I grew up in the greater Los Angeles Area, so spotting a celebrity was a pretty common occurrence. The highlight of my celebrity sightings was when Snoop Dogg came into the store where I worked. As he strolled by in his Snoop Dogg way, I blurted out, “What’s up, Snoop?” You see, I get a little starstruck when I see a celebrity, but I know I have to do some sort of interaction to document this encounter. My starstruckness didn’t add to my intelligence. “What’s up, Snoop?’’ probably wasn’t the coolest thing I could have said to this famous rapper.
I don’t think I have ever seen any of my favorite athletes or celebrities in public though. Can you imagine if you saw your favorite celebrity in public? Now imagine if they asked you to do something for them. I don’t know what I’d do if I saw my favorite basketball player, Kobe Bryant, in public. I would pretty much do anything he wanted, that was legal of course. I would wash his car, do his laundry, pick up his kids from school, whatever he wanted.
One day, this thought made me ask myself, “Why am I not like that with God?” For Kobe Bryant, I would clean his bathroom with my toothbrush and use it again, but doing things for God can sometimes be far more difficult. I finally said, “Whatever you want God—anything!’’ His answer was calling me to go work with orphans in South Africa.
I’ve known I was supposed to spread awareness and help “the least of these” my whole life. The problem was that I really didn’t know anyone in need. How could I tell others about those in need if I didn’t know any? There are more than 1 million AIDS orphans in South Africa alone, half the world’s children lives in poverty and the number of children in need grows daily. These numbers have faces. This became my rallying cry. I gladly took it from a nonprofit with the same name. I heard Erwin McManus once say, “Love breeds creativity.” If your mother is battling with an alcohol addiction, you will do whatever it takes to help her. Your love for your mother would cause you to come up with creative ways to stop her from drinking. In order for me to come up with creative ways to help children in need, I would need to come to love them.
I raised my money, got my visa and a few months later was arriving at OR Tambo Airport in Johannesburg, South Africa. Right after I arrived in Joburg, I was told I would be teaching first grade in a local township four days later. I don’t have a teaching degree and had never taught school before. I guess my college education and love for children would be good enough for them. Those first few days I was emailing my mom (a second grade teacher) quite a few times. Most of these emails contained lots of cries for help, pleading and mostly whining.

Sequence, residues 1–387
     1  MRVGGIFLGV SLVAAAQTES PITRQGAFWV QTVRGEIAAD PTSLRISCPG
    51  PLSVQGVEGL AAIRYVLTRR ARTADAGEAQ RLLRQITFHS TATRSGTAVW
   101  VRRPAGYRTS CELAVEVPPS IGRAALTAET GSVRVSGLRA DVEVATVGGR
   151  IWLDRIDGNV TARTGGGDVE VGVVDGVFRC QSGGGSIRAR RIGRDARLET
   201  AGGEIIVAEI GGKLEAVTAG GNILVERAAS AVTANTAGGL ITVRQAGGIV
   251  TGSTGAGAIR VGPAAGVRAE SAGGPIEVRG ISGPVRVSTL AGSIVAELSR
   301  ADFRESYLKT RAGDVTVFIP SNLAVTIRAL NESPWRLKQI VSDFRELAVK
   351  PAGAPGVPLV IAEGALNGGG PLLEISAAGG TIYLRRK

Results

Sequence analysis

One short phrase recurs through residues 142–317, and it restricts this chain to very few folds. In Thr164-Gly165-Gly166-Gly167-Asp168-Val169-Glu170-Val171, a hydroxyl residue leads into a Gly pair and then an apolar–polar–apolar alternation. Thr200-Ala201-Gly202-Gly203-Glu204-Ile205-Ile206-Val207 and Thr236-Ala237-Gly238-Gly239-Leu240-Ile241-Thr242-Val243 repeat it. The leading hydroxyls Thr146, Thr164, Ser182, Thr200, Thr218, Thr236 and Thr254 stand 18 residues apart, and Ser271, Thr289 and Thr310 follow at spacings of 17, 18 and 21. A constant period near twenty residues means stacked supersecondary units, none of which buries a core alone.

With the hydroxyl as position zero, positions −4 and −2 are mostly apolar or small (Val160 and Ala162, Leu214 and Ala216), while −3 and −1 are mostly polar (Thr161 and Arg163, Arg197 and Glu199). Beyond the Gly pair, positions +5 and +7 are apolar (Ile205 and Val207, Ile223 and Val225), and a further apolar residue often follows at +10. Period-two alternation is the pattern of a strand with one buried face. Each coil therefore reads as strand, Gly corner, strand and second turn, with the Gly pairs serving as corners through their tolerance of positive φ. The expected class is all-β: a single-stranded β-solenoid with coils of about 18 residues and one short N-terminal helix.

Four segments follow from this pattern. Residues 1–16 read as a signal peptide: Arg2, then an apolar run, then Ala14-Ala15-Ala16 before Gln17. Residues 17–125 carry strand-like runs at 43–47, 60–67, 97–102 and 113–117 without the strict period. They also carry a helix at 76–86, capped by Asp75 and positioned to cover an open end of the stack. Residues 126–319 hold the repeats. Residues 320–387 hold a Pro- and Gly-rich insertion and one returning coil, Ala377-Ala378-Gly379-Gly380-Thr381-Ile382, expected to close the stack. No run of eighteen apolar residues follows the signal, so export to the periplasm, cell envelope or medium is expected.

A few weeks into teaching, I began hearing things that broke my heart. Two of the kids in my class (7 and 9 years old) were left alone the whole week to take care of themselves. If that wasn’t hard enough, they had to take care of their 9-year-old Autistic sister. Their dad was out of the picture and their mom was a domestic worker who lived in the house where she worked. The family she worked for wouldn’t let her bring her kids, and she needed to work at this job to support her kids. Solutions aren’t always easy.
I also had the chance to volunteer at the children’s home run by Botshabelo. This was a life-changing experience, where I even changed my first poopy diaper. The owner of this diaper was a little girl who was just a few months old. She was brought to Botshabelo Babies’ Home about a month or so before I arrived after being found in a storm drain. Hearing that rocked my world. As I was holding this little girl, I could just feel God’s love for her and for me.
There was another little boy whose mother in a trash bag and threw out the window after he was born. She is currently in prison for this. This little boy is so special to those who work in the Babies Home. Kids say some funny things, but this one takes the cake. He often said he was scared of certain things. “I’m scared for the thunder. I’m scared for the green pool.’’ During one stretch in my time in South Africa, I hadn’t shaved for two months. As I was putting him to bed he said, “I’m scared for the beard.’’ This kid warms your heart and causes you to bust your gut laughing.
God changed my life in South Africa. I don’t really understand all of it yet. I know people in need now. The statistics had faces that I came to love. I told God I would do anything and He took me up on my offer. He showed me things I would never have been exposed to. He gave me His heart for the world. As Brooke Fraser sings, Now that I have seen I am responsible / Faith without deeds is dead.